In 1961, he wrote about ARPANET, the predecessor of the Internet, in a paper entitled “Information Flow in Large Communication Nets.” Kleinrock, along with other innnovators such as J.C.R. Licklider, the first director of the Information Processing Technology Office (IPTO), provided the backbone for the ubiquitous stream of emails, media, Facebook postings and tweets
Two computers at MIT Lincoln Lab communicate with one another using packet-switching technology.
Global networking becomes a reality as the University College of London (England) and Royal Radar Establishment (Norway) connect to ARPANET. The term Internet is born.
with the introduction of a commercial version of ARPANET, known as Telenet.
Transmission Control Protocol (TCP) and Internet Protocol (IP), as the protocol suite, commonly known as TCP/IP, emerge as the protocol for ARPANET. This results in the fledgling definition of the Internet as connected TCP/IP internets. TCP/IP remains the standard protocol for the Internet.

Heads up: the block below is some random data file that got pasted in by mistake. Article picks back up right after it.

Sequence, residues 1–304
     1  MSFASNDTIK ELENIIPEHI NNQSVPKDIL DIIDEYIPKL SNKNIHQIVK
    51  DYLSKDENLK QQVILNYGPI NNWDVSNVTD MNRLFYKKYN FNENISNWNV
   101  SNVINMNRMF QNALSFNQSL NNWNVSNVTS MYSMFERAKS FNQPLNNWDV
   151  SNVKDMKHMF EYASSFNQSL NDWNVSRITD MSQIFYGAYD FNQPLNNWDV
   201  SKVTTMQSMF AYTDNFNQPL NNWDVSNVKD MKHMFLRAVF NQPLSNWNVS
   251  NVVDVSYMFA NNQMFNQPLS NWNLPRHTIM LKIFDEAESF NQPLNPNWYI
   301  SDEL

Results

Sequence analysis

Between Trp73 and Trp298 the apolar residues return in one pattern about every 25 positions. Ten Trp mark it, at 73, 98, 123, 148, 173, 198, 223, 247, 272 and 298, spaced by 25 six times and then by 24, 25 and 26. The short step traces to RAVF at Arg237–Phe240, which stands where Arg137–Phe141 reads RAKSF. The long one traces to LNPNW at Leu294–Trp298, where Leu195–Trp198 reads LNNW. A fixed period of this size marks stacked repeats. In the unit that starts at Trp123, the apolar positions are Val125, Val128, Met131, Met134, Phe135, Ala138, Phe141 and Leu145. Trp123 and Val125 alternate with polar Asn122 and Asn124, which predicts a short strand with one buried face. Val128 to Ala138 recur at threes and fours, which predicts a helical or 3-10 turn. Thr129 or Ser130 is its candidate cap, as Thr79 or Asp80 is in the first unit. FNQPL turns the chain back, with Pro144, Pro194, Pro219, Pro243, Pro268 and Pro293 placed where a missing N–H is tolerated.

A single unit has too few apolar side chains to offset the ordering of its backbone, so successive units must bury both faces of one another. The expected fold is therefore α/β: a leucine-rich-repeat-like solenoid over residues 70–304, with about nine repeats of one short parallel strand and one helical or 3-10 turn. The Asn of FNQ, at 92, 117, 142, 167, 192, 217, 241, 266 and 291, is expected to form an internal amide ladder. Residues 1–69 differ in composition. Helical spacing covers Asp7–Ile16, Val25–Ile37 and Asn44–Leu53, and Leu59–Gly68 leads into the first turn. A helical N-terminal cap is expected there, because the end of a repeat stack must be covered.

Tim Berners-Lee, a scientist at CERN, the European Organization for Nuclear Research, develops HyperText Markup Language (HTML). This technology continues to have a large impact on how we navigate and view the Internet today.
The first web browser was invented in 1990 by Sir Tim Berners-Lee. Berners-Lee is the director of the World Wide Web Consortium (W3C), which oversees the Web's continued development, and is also the founder of the World Wide Web Foundation. His browser was called WorldWideWeb and later renamed Nexus.
Facebook goes online and the era of social networking begins.